Because of my tendency to read pretty much anything, it does mean that I occasionally read something that’s incredibly niche and won’t be of much interest to many of my readers. I find myself at that position again, but it’s my duty to review as much as possible so here we go with a tale of ecology, biodiversity and Japanese knotweed – Where Do Camels Belong?

Though I’d forgotten his name, turns out I read another book by Ken Thompson five years ago, that one called Do We Need Pandas? He is an ecologist who seems to has written a few books on biodiversity and overlooked aspects of the natural world – one of his books is a study of weeds – but has an informative, accessible style, meaning he’s a great introduction to some of these topics that the layman (such as myself) might not know much about.

It opens with the titular question, discussing where we would expect to find camels. The answer isn’t quite as easy as it first seems. Most people probably associate camels with the Middle East and northern Africa, but Bactrian camels live in Central Asia, the camel evolved in North America, retains it’s greatest diversity in South America, and the dromedary is only found wild in Australia. So which is really its home?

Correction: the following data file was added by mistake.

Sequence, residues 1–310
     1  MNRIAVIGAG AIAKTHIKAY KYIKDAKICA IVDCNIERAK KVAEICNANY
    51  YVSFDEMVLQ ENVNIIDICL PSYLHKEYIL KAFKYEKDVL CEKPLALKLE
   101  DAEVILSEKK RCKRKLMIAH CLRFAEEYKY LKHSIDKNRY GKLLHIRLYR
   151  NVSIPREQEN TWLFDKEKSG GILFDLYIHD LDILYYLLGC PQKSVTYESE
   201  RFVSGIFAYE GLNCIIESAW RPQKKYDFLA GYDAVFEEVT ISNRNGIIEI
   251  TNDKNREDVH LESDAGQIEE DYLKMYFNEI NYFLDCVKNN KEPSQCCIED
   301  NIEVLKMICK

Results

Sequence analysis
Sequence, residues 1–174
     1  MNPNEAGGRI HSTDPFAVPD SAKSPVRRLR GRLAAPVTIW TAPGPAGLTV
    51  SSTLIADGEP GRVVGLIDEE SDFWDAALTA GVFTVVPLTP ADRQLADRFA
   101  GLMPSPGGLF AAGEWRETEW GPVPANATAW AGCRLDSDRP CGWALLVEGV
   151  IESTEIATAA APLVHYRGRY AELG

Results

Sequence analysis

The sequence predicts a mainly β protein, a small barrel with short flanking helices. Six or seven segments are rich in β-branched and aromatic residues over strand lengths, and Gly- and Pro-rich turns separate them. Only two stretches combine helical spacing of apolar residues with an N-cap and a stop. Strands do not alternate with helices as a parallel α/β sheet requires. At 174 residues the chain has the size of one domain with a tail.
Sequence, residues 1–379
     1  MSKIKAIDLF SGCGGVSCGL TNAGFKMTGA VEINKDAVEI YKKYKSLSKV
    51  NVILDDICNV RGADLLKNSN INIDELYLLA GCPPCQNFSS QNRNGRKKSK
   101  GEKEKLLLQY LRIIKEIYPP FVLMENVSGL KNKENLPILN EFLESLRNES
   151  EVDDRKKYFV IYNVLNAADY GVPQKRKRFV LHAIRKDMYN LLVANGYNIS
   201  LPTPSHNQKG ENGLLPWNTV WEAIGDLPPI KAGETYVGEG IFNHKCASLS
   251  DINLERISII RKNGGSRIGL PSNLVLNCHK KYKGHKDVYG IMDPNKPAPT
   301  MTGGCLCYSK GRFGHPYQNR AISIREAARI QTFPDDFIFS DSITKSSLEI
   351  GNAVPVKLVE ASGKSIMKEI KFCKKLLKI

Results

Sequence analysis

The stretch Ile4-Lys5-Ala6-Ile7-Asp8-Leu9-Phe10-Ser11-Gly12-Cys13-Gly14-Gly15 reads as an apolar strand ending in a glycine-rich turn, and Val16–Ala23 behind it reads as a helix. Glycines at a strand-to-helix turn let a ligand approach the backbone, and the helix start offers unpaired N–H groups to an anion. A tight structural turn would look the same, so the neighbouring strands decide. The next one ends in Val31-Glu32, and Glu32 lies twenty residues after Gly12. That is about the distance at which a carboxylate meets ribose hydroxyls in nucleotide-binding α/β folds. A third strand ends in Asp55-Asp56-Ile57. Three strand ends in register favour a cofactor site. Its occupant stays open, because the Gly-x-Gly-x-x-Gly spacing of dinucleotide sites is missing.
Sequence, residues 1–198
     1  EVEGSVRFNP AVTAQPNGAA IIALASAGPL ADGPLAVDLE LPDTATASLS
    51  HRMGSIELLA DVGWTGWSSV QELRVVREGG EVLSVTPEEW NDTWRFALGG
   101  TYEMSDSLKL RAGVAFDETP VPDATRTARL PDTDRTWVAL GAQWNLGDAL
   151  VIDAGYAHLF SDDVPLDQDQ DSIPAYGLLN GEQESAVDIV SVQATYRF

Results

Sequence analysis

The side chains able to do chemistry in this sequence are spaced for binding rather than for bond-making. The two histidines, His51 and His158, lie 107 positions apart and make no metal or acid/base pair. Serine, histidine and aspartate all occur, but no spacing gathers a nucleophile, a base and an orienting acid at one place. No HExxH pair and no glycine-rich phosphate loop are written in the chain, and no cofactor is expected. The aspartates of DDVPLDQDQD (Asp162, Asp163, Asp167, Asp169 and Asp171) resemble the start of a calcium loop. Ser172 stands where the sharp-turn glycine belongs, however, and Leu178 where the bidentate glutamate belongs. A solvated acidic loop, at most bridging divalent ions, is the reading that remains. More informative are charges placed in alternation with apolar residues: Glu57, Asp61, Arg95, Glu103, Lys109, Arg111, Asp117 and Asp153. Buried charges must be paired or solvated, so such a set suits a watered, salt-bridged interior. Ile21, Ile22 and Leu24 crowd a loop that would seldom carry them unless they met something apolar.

Thompson then launches into a study of invasive species and how animals and plants traverse the world, adapting to new environments and, often in the eyes of humans, doing a lot of damage. There are discussions as to how long something has to live somewhere before it’s considered native, and how that opinion can change depending on how cute it is. For example, rabbits aren’t native to Britain, but we used to have wolves and no one wants to reintroduce them much. Which has the greater right to live here? Do we have the right to make that choice? Humans are, of course, perhaps the most invasive species of all, responsible for many of the particularly bad invaders.

But Thompson argues that, actually, aliens aren’t bad things at all – at least, not all of them. Scientists, helped along by the media, pick and choose the species they want to deem alien and invasive, and ignore some of the facts. Zebra mussels, for example, clog pipes and attach themselves to ships, but they make the water they live in cleaner and increase food stocks for crabs and fish. Tamarisk is a plant that supposedly takes up too much water and dries out river beds, but those rivers are already being over managed by humanity who have the right to more water than even flows in them.